This spring, the lawns were covered with yellow dandelion flowers. As many of my neighbours consulted Facebook discussion pages to find easy and cheap ways to kill the dandelions in their yards, I found a recipe for dandelion wine. I enlisted my younger brother to come out with me to pick the yellow blossoms in a field behind our house. Many of our neighbours gave us weird looks and some young kids came to ask us what we were doing. “Making an adult drink” my brother replied and the kids walked away laughing. I hope some people that saw us started to think critically about the field of yellow we had been standing in. Maybe it wasn’t such a bad thing after all.
After we had collected a couple baskets of dandelion flowers, my family and I spent a few hours pulling the yellow “petals” out of the green base, called the receptacle, holding everything together. I explained to my dad that each yellow petal-like structure was actually its own flower with all the individual reproductive parts and that each “flower” was actually hundreds of flowers altogether. This is a common trait for most plants in the Aster (Sunflower) family.
Relationship building with plants and the natural world doesn’t have to be as complicated as making dandelion wine. It can begin with simply noticing the world outside and challenging the preconceived notions that we have been taught all of our lives. Why do we value monocultures of grass in our backyards? Can I get a field guide to learn edible and medicinal plants in my area? Which berries are edible? What is the name of this plant that I have admired all my life?Rosheen Tetzlaff
After we had pulled all the flowers we needed, I added them into a carboy with sugar, water, lemon and orange zest. The last step was to add the packet of white wine yeast I had picked up at a local wine store earlier that day. The wine has been sitting in my cupboard for a few weeks. Once it has finished its first fermentation I will siphon off all of the flowers and particulate and let it ferment for a few more weeks. After that, we will bottle it and let it sit for around 6 months to get the best flavour. I’m excited to drink my own homemade wine during the holidays this year!
My journey with weeds has been really significant for me. I believe that modern humans’ disconnect with the natural world is what allows us to destroy and pollute the Earth without care. If we create a relationship with plants, like dandelions, and get to know them on an intimate level we will have a much harder time destroying them.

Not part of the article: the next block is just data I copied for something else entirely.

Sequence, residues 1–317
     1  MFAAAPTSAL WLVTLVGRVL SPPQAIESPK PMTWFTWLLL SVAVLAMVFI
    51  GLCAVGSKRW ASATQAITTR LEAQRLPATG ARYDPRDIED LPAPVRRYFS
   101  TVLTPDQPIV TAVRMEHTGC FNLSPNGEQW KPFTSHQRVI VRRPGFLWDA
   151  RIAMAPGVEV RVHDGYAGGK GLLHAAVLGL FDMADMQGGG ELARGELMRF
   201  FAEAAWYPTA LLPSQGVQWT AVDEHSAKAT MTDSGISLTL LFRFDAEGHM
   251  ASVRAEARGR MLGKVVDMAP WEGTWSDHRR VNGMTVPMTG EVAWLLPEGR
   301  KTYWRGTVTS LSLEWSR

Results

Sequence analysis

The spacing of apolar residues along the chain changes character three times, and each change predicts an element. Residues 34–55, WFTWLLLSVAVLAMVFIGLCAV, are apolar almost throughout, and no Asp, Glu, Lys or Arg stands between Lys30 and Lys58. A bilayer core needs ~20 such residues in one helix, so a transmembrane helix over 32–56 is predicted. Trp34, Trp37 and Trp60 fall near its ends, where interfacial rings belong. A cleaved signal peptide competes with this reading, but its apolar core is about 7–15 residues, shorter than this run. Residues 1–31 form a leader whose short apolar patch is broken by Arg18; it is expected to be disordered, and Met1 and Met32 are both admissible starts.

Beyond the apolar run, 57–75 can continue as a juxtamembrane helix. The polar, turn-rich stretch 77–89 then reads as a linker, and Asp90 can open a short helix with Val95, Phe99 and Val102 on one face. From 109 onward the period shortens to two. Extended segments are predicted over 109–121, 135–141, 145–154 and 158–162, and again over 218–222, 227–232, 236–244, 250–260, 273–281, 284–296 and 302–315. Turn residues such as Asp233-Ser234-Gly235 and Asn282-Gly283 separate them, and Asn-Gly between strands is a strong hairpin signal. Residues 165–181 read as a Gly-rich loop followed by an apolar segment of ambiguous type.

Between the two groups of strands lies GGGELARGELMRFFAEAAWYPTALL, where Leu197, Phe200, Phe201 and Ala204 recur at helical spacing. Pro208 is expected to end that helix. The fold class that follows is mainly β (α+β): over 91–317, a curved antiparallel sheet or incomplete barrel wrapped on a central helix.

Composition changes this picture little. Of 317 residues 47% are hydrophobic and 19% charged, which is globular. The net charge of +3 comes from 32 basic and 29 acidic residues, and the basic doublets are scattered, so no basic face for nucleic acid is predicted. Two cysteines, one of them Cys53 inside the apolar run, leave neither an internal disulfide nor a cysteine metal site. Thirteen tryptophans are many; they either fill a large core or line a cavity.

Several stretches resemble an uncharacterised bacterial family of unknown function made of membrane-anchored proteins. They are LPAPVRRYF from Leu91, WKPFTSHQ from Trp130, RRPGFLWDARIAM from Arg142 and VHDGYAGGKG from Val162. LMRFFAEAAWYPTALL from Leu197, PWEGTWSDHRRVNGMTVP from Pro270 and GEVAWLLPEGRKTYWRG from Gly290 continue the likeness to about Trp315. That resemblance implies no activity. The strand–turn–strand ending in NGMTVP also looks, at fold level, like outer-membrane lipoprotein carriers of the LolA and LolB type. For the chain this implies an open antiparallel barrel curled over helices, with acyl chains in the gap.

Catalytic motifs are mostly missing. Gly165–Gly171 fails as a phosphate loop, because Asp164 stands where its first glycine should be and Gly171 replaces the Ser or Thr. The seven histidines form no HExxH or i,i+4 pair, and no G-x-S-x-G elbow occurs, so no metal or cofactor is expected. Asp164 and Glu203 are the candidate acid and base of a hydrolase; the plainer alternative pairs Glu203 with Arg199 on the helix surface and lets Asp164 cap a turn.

I’m sure if everyone on the Facebook discussion page learned how to make dandelion wine they would no longer see the dandelions in their yard as an annoying pest, but rather a plant that provides them with a valuable resource and allowed them time to spend with family and friends. Relationship building with plants and the natural world doesn’t have to be as complicated as making dandelion wine. It can begin with simply noticing the world outside and challenging the preconceived notions that we have been taught all of our lives. Why do we value monocultures of grass in our backyards? Can I get a field guide to learn edible and medicinal plants in my area? Which berries are edible? What is the name of this plant that I have admired all my life?
As Robin Wall Kimmerer (and I am sure many other knowledgeable nature-loving people) say, plants are our greatest teachers. There is so much we can learn about the world by observing and critically thinking about plants. The dandelion taught me that diversity creates beauty and opportunity – and that we should form our own opinions before judging based on what other people have to say.
Belcourt, C. 2007. Medicines to Help Us; Traditional Metis Plant Use.
Plantain Fact Sheet. 2020. The Herb Federation of New Zealand. Retrieved from: https://herbs.org.nz/plantain-fact-sheet/.
The recipe I am following: https://practicalselfreliance.com/dandelion-wine-recipe/